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Open Collection of Student Writing (OCSW)

Cognitive Impairment Induced by Delta9-tetrahyracannabinol (THC)

This study was conducted by the University of Barcelona in Spain. The abstract begins by describing the negative and neutral impacts that Delta9-Tetrahydracannabinol (THC) has on the mind. THC, being the main psychoactive compound found in the Cannabis plant. Which is interesting, due to the nature of its use, primarily being prescribed for its therapeutic effects, such as anxiety relief, sleep aid, and appetite stimulant. The compound THC has a direct correlation with the receptors it binds to in the brain, called Serotonin 5-HT2A and CB1 receptors. When cannabis is ingested into the body, whether through edible ingestion or ignition and inhalation through the lungs, the active compound, THC, enters the blood stream and eventually passes through the brain. The brain has regular receptors for a naturally occurring compound called serotonin which regulates mood, well-being, reward, and in extreme cases of fluctuating levels, may cause psychosis, schizophrenia, and memory impairment. When THC enters the brain via the blood stream, it interacts with both the 5-HT2A and CB1 receptors through heteromers, or the combination of the two receptors, with an alike substance.

As scientists were introducing THC to mice they were seeking to understand how these heteromers were able to interact in the cells of the receptors and cause any affect. As they discovered, “Synthetic peptides with the sequence of transmembrane helices 5 and 6 of CB1R, fused to a cell-penetrating peptide, were able to disrupt receptor heteromerization in vivo, leading to a selective abrogate ion of memory impairments caused by exposure to THC.”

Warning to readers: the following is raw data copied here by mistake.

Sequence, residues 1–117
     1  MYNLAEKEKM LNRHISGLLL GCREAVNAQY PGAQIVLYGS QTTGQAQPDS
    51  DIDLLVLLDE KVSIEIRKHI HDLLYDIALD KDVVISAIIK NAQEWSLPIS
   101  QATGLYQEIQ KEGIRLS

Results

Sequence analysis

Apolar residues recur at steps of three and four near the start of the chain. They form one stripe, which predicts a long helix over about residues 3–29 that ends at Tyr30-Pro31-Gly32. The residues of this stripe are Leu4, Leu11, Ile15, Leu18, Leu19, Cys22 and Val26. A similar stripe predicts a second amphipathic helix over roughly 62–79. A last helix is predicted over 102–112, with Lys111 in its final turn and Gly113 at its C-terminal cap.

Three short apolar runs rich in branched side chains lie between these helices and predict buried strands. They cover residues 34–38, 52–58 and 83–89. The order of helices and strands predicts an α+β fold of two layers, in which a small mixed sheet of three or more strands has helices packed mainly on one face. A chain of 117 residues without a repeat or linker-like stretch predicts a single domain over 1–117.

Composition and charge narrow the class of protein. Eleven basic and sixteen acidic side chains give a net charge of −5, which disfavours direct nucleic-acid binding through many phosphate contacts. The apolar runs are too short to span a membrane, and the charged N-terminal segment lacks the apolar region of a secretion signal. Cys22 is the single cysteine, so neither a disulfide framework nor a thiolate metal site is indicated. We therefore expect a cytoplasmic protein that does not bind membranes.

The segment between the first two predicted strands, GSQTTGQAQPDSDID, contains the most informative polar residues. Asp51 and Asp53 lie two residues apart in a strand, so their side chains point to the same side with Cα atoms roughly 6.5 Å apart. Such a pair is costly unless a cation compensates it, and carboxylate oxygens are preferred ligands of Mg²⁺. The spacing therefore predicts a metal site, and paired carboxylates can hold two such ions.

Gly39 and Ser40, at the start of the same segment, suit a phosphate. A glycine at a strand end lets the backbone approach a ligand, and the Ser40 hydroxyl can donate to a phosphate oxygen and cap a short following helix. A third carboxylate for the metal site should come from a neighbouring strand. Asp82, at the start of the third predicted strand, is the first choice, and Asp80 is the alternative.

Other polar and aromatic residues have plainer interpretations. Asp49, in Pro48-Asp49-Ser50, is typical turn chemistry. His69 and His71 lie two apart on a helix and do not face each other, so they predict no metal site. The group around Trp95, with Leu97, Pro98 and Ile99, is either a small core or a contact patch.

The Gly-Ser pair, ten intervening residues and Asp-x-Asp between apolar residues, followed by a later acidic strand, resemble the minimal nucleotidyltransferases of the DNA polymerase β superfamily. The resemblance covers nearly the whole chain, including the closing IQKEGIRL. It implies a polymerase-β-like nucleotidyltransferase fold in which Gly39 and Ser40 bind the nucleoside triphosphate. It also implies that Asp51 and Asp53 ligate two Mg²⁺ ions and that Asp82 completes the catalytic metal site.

The study compares the two varying properties that THC can provide, being, analgesic and amnesic. Analgesic has to do with pain relief and muscle relaxation. Amnesic has to do with memory impairment, dependence, and anxiety. These two effects are interdependent of each other in mice lacking the 5-HT2A receptor, but in mutant mice, THC induced amnesia was not apparent. Therefore, the acute amnesic affects of THC correspond only with the 5-HT2A receptor and not the CB1. This gives scientists an exciting channel to study, in seeking to derive the analgesic attributes while ensuring the brain is exempt from receiving the amnesic impairments.  The mechanisms that separate these two properties are still unknown to scientists, but it is known that heteromers are the connecting influence that bind the affects between the two receptors introspectively.

The detrimental influences of THC correspond with the 5-HT2A receptor which are responsible for serotonin reception, as previously described. This appears to be the premise of the research, and the coinciding hypothesis, is conjunctively, cognitive impairment occurs through the chemical reaction in the brain with THC and these receptors. Although up to this point, the biggest negative factors of cognitive impairment coincide only with the 5-HT2A receptor, while it is interesting to note that the CB1R receptor happens to be part of a larger physiological biological system called the endocannabinoid system, that handles the interaction of cannabis with the body, affecting appetite, mood, pain, and memory. Because of the heteromers, cannabis can affect both receptors, but the CB1R receptor appears to be part of a biological adaptation in the body to receive and process the THC compound. In order to observe the detrimental affects of THC on cognitive function, an observation was necessary in the heteromers to show an interacting connection between the two receptors.  This shows the signs of intracellular signaling, and “protein interaction that can modify receptor function.”

Interesting to note were the maze experiments showing a direct impact of THC on the mice. The maze was running 3 days in a row, with slight variations each time. The mouse with THC injections took 30% longer after inducement reflecting a lack of memory retention. Along with various other methods, the mice were shown to have a clear detrimental impact on cognitive function via the inducement of Delta9-Tetrahyracannabinol.

Evaluating the information in this assay was rather difficult to understand because of the technical nature in which it was written. There were various experiments conducted to determine evidence that supported the hypothesis. As far as recognizing the various methods, little was comprehendible. I did however appreciate the readability of the author’s note and the abstract. These gave me a perfunctory idea of the overall article, which knowledge I was then able to apply in the rest of the research study. To make sense of everything, I had to look up various definitions. After I was able to determine to bigger picture of what the scientists were trying to explain, I found writing the paper a lot easier.


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